What a week! In the past seven days I’ve watched the fact that an iOS app was uploading your Address Book tear our industry a new one. Path’s “Find your Friends” feature has now ripped apart friendships, driven apart investors and founders and made Robin Wauters leave TechCrunch (okay, just kidding on that one).
Jokes aside, until Arrington wrote this counterpoint about Foursquare this morning, Path was hung out to to dry by the tech press despite everyone vaguely knowing that tons of apps did this, and then the tech press were hung out to dry by the former tech press and then finally Jennifer Bruin, the voice of reason over at VentureBeat, was like, “But guys, guys other big iOS apps like FoodSpotting, Facebook, Twitter and Instagram also upload your contacts to their servers on some level!” — Beating all us navel-gazers to writing the story we should have been.
For the record Beluga and Gowalla also uploaded your Address Book to their servers, not like that matters now.
Throughout this blog bloodbath, Apple has been quiet, as app after app gets thrown under the Address Book-gate bus and the tech press jostles for power defending or degrading their respective honor. Enough is enough.
The reality here is that most of the fault here lies with Apple; A solution exists in plain sight — And it’s primarily Apple’s responsibility, not an individual developer one.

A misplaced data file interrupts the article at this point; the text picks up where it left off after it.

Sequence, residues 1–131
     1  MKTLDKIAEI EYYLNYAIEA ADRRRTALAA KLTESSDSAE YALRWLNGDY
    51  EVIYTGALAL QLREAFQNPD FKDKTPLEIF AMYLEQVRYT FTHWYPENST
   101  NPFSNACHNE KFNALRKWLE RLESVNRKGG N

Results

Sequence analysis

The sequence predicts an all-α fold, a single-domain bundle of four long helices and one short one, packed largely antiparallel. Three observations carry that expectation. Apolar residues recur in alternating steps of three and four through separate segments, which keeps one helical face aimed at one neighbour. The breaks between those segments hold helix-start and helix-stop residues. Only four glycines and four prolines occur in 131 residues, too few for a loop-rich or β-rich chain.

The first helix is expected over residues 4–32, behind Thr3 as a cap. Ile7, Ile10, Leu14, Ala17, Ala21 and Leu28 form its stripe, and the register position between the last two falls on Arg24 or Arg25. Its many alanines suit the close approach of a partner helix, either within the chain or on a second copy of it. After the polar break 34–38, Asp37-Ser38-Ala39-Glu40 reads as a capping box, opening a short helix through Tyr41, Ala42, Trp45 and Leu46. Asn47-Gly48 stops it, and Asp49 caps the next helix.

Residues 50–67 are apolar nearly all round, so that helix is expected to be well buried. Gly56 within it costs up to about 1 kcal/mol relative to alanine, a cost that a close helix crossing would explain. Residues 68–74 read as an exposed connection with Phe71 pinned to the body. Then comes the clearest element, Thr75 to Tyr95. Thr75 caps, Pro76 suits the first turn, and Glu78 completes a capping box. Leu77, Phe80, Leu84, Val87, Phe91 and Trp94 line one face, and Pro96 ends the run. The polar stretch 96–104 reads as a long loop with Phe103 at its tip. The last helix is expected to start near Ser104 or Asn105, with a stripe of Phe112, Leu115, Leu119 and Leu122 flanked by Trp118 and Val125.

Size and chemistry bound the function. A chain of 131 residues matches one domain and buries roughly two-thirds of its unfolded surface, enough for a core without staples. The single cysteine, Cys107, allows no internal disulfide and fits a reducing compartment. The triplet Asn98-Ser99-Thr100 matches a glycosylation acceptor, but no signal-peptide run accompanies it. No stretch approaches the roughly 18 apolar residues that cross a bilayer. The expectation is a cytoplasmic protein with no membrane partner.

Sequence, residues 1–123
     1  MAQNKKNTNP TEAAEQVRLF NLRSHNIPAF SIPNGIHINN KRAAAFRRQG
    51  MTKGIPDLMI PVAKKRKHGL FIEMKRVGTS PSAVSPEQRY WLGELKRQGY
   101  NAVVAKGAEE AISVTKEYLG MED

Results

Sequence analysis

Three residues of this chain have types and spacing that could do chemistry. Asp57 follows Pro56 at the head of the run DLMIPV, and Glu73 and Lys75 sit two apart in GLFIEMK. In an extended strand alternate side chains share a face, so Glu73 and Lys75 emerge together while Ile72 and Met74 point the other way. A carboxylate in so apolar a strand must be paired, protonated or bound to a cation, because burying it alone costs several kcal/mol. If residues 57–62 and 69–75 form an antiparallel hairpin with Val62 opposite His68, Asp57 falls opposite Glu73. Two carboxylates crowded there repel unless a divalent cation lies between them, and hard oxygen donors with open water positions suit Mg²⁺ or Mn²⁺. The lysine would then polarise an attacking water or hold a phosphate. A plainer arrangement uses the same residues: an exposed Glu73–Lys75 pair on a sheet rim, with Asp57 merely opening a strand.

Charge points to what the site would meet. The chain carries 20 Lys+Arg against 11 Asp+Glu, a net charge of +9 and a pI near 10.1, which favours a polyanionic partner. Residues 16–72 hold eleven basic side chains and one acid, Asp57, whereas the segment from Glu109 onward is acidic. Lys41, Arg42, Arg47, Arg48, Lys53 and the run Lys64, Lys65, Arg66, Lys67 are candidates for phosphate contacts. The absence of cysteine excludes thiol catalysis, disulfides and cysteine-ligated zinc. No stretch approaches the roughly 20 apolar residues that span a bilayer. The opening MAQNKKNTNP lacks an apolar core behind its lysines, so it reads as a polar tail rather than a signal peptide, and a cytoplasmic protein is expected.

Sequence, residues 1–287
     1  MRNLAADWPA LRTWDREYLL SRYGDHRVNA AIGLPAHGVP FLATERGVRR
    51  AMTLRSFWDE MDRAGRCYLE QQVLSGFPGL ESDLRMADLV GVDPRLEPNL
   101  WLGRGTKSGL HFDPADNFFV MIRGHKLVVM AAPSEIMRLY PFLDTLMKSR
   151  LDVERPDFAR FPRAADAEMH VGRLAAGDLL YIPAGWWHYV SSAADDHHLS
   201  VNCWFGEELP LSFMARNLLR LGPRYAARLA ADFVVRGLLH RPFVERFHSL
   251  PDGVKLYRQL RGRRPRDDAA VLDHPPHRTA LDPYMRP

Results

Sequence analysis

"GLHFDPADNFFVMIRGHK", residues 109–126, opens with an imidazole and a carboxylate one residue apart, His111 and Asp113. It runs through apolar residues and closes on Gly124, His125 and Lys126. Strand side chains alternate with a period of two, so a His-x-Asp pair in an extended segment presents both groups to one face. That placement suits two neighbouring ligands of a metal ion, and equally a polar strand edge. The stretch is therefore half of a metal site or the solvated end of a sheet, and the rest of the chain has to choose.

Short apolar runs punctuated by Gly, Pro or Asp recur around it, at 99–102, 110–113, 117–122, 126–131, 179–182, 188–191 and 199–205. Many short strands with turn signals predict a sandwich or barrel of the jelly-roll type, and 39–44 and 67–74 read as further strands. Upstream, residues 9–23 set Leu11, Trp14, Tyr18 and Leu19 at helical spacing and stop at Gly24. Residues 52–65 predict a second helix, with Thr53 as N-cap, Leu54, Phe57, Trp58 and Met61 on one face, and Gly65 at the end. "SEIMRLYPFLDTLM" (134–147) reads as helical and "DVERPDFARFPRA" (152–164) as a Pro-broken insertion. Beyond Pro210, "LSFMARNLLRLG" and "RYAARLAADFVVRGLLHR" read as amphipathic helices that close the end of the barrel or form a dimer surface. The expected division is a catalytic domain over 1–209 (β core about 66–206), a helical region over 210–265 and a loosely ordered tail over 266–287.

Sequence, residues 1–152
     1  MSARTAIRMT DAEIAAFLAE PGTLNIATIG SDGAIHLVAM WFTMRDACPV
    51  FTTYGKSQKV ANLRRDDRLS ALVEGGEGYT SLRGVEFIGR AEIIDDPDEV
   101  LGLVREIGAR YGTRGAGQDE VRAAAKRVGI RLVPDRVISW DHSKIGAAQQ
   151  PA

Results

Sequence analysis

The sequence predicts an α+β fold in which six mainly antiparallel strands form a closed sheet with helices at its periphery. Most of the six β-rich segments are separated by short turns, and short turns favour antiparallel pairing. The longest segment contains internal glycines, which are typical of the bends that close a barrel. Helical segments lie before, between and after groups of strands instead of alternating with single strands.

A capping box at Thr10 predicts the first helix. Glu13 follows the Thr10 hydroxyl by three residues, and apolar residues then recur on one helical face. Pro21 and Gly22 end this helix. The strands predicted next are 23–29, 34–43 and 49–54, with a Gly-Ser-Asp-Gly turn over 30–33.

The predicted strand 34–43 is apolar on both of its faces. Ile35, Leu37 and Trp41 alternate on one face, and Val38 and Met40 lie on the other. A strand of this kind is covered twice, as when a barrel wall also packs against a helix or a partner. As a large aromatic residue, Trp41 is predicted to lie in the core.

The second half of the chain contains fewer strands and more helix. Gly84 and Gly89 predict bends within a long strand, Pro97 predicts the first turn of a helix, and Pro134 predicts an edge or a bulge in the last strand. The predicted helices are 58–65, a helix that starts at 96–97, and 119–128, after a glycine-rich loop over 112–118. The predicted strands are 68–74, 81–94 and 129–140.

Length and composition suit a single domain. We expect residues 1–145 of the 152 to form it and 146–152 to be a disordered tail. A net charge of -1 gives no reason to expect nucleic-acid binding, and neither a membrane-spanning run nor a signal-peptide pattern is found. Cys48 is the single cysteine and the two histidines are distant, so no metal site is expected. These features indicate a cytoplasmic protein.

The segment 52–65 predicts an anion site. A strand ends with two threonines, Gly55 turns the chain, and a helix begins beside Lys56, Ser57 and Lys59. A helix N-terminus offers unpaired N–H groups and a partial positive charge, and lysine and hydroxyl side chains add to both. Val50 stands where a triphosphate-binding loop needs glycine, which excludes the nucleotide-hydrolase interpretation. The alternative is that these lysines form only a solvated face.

Step 1) Apple should add a mandatory Permissions Dialogue for apps that want to use your Address Book information.
Much like Apple requires a notification for apps that want to use your location information and send you push notifications, and Android does for, well funnily enough, apps that want to use your Address Book information among a million other things.
Sure some argue that even more notifications would make the user experience ugly. You know what else is ugly? This mess.
Step 2) Apple should mandate “hash and match” encryption of any Address Book data that apps upload.
You think this would be impossible to scale? It’s not — If a humble app like BrightKite can hash and match emails with their “Find Friends” feature (described in detail here) you can too!
Okay, there might be some debate about how useful Step 2 is. Fine. Can we all agree that number one is at least a step in the right direction?
“With regards to prompting for permission, this one just seems plain silly,” writes BrightKite and Forkly founder Brady Becker in a blog post about app best practices, “Apple prompts you if an app wants to use your location, or wants to send you push notifications, but not if it wants to access your Address Book. Even my old Nokia 6620 did that, in 2004 mind you.”
If this latest tech drama has taught us anything, it’s that the data on your Address Book is as sensitive as your location. And should be subject to platform-level standards and best practices at the least.